I love Hidden Brain, but I find NYT's The Daily to be a great deeper dive on a current issue for my morning commute.


Probably a controversial opinion, but I find the NYT Daily to be too left leaning. I find NPR's politics podcast a little more balanced.


This year definitely jockopodcast. Really helps to put a lot of stuff in perspective.

If you are interested in rock climbing and enjoy british/ Irish humour jamcrack podcast is entertaining.

Also desert islands discs, not a podcast but episodes going back decades with everyone who's anyone on the BBC website


The Joe Rogan Podcast.


I think Joe is pretty great, but is very dependent on who his guest is. I only ever listen when someone I know or trust has recommended an episode.


Cortex and Hello Internet: cortex has very much shaped the way I physically operate (work ethic/process etc.), HI has shaped the way I mentally operate (although that mostly came from a select few episodes, most of them were just entertainment).


Chapo Trap House


Just came to say that and it was already taken.

Ok, Citations Needed.


I mostly listen to podcasts just for fun, but weirdly enough, Mac Power Users. It's a long running podcast about using Apple products and their native software productively.

I like that it's run by non-engineers - seeing people that don't program be more productive than me using just apps and their own smarts is very cool. I've learned a lot of tips and found very good native software through it.

Of course, if you're not invested in the Apple ecosystem, it's probably not for you. Same with The Talk Show, Accidental Tech, Connected, and AppStories.


Indie Hackers. I've learnt SO MUCH from those interviews.


Indie Hackers is very good for giving solid, actionable advice.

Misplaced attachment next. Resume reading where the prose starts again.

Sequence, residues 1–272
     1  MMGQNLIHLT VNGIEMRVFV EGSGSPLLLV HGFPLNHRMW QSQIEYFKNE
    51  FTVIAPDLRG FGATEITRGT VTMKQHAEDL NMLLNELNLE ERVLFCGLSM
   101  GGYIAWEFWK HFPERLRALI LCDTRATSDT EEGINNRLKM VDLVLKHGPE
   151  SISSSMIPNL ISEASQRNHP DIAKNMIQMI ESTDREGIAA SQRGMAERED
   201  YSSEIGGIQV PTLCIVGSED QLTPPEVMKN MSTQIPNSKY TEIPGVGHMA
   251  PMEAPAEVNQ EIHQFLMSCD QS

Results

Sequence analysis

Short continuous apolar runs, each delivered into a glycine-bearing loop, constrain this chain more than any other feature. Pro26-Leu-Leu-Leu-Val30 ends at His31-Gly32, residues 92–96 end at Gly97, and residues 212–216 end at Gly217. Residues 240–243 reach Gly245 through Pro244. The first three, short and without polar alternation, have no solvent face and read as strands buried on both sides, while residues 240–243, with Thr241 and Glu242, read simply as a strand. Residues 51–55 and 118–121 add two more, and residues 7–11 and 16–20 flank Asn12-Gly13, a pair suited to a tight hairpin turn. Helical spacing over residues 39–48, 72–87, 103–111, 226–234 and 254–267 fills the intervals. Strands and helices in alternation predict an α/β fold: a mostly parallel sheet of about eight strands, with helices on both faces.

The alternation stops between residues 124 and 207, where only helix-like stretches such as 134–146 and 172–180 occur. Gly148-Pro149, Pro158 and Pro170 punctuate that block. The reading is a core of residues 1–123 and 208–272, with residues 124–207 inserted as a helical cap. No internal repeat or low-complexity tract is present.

Startups for the Rest of Us also does a great job.

To a slightly lesser extent, Tropical MBA is another good one.


The Weeds, by Vox, and Why is This Happening, by MSNBC. Both of them take an hour to explore one topic, usually related to politics or a cultural moment. But it's not just a summary of recent news; they go back into history and provide context from different sides of an issue.

They're staffed by people who are well read and bring much needed nuance to a lot of discussions. I learn something fascinating every time


Stoic Meditations (Massimo Pigliucci): https://anchor.fm/stoicmeditations

Partially Examined Life: https://partiallyexaminedlife.com/

Freakonomics: http://freakonomics.com/


The Enormocast. interview format with the who’s who of rock climbing.

the craig demartino “and then i amputated my leg” episode is harrowing, the two-part hayden kennedy episode about cerro torre and the kompressor route is amazing, the lynn hill interview is wonderful, and he got honnold too.

On Being is hit or miss but the interviews with rep john louis, bishop tutu, eugene peterson, nadia bolz-weber have all stuck with me.


Go Time. For real; I've been able to get my dream job because of the conversations these folks have. I'm bummed they're on hiatus, but.


I really enjoy Sam Harris's 'Making Sense' (formerly 'Waking Up' podcast).